Police Violence Reduces Civilian Cooperation and Engagement with Law Enforcement

26 Pages Posted: 13 Sep 2021

See all articles by Desmond Ang

Desmond Ang

Harvard University - Harvard Kennedy School (HKS)

Panka Bencsik

University of Chicago

Jesse Bruhn

Department of Economics, Boston University

Ellora Derenoncourt

University of California, Berkeley - Department of Economics; University of California, Berkeley - The Richard & Rhoda Goldman School of Public Policy

Date Written: September 8, 2021

Abstract

How do high-profile acts of police brutality affect public trust and cooperation with law enforcement? To investigate this question, we develop a new measure of civilian crime reporting that isolates changes in community engagement with police from underlying changes in crime: the ratio of police-related 911 calls to gunshots detected by ShotSpotter technology. Examining detailed data from eight major American cities, we show a sharp drop in both the call-to-shot ratio and 911 call volume immediately after the police murder of George Floyd in May 2020. Notably, reporting rates decreased significantly in both non-white and white neighborhoods across the country. These effects persist for several months, and we find little evidence that they were reversed by the conviction of Floyd’s murderer. Together, the results illustrate how acts of police violence may destroy a key input into effective law enforcement and public safety: civilian engagement and reporting.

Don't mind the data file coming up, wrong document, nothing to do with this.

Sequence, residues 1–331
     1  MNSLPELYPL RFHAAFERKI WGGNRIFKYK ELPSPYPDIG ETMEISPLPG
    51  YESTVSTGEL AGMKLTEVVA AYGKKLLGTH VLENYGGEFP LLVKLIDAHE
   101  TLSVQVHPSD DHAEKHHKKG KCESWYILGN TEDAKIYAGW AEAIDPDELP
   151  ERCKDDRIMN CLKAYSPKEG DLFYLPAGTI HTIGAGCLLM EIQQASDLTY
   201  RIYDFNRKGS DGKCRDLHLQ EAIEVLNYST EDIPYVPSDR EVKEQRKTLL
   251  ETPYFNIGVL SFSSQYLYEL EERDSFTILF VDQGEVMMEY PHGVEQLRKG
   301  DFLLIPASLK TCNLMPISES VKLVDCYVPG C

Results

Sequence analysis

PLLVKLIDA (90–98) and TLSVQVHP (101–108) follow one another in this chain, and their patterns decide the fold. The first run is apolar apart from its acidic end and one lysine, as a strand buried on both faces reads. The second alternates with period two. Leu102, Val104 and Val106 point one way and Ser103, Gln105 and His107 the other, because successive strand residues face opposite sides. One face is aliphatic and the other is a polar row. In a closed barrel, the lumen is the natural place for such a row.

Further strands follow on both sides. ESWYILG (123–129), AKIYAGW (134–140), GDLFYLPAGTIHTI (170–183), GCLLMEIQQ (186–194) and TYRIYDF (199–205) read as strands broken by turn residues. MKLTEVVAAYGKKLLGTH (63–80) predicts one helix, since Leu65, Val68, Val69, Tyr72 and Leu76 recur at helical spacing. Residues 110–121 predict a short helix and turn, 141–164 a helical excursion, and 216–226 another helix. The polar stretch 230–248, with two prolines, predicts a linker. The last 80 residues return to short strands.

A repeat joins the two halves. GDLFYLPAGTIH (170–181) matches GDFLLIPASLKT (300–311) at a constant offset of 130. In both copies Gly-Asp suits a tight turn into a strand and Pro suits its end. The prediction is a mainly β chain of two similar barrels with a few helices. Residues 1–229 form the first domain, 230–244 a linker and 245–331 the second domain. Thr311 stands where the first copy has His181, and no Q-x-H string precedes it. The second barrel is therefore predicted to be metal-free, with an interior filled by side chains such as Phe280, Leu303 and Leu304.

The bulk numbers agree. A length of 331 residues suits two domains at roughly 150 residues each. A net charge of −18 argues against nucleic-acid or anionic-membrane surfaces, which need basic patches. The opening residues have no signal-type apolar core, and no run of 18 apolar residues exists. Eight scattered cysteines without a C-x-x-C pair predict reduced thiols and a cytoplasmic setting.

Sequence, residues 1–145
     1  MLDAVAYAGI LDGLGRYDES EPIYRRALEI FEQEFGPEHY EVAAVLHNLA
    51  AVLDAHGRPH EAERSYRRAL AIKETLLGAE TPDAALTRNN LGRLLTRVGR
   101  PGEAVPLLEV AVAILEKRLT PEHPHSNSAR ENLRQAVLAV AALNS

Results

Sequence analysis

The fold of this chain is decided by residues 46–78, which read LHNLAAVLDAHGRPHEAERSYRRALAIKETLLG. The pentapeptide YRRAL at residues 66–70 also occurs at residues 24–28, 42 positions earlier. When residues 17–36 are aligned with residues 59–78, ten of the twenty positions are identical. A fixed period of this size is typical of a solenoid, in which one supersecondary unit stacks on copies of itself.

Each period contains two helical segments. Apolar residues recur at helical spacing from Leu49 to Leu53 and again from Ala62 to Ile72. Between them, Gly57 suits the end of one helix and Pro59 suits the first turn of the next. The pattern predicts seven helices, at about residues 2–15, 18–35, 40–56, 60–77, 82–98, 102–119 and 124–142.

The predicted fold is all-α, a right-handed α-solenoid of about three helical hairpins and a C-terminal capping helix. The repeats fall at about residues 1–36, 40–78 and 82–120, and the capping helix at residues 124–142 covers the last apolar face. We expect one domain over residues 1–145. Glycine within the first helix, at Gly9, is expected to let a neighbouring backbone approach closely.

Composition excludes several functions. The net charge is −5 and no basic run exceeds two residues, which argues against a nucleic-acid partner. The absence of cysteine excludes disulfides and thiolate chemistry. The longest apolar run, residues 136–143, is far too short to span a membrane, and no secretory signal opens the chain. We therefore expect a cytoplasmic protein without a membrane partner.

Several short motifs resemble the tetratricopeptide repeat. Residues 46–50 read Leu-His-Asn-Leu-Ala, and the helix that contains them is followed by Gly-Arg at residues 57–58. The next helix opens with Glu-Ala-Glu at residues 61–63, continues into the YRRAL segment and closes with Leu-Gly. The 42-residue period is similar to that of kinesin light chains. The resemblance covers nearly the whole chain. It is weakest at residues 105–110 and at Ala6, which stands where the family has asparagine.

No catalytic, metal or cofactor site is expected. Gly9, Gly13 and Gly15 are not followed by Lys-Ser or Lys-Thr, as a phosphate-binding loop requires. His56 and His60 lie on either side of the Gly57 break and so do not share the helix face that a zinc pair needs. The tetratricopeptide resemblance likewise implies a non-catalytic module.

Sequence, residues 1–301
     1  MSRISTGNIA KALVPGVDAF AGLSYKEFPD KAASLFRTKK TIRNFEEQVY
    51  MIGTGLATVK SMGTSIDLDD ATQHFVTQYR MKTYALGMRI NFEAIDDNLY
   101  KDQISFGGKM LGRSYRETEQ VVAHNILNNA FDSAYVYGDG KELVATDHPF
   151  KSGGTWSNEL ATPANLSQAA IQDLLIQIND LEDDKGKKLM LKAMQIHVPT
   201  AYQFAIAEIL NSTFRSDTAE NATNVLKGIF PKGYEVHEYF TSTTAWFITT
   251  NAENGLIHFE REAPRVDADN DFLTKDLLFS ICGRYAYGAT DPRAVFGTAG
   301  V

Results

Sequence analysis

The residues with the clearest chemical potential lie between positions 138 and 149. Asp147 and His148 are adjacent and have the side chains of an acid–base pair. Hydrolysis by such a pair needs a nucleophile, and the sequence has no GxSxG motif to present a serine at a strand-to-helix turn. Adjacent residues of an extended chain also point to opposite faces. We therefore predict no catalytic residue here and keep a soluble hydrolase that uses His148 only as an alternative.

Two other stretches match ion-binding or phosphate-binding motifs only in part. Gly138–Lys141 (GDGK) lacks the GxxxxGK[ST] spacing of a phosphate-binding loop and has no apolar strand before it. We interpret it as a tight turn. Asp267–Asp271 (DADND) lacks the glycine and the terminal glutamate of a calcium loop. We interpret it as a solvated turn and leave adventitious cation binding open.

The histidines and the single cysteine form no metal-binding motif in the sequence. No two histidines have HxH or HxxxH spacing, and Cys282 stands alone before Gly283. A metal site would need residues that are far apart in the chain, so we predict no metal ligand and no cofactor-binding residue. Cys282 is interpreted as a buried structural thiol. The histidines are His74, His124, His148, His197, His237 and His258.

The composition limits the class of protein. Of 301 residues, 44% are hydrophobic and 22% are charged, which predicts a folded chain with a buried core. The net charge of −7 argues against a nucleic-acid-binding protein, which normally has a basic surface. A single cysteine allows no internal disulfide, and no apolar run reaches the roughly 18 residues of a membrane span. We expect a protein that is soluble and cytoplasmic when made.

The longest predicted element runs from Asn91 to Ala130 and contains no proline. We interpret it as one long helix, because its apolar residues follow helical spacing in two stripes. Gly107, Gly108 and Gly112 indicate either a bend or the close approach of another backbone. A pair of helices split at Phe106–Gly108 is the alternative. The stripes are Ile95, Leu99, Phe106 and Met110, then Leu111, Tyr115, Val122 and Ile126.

Keywords: police, crime reporting, use of force, race

Suggested Citation

Ang, Desmond and Bencsik, Panka and Bruhn, Jesse and Derenoncourt, Ellora, Police Violence Reduces Civilian Cooperation and Engagement with Law Enforcement (September 8, 2021). HKS Working Paper No. RWP21-022, Available at SSRN: https://ssrn.com/abstract=3920493 or http://dx.doi.org/10.2139/ssrn.3920493

Desmond Ang (Contact Author)

Harvard University - Harvard Kennedy School (HKS) ( email )

79 John F. Kennedy Street
Cambridge, MA 02138
United States

Panka Bencsik

University of Chicago ( email )

1101 East 58th Street
Chicago, IL 60637
United States

Jesse Bruhn

Department of Economics, Boston University ( email )

270 Bay State Road
Boston, MA
United States

Ellora Derenoncourt

University of California, Berkeley - Department of Economics ( email )

579 Evans Hall
Berkeley, CA 94709
United States

University of California, Berkeley - The Richard & Rhoda Goldman School of Public Policy ( email )

2607 Hearst Avenue
Berkeley, CA 94720-7320
United States

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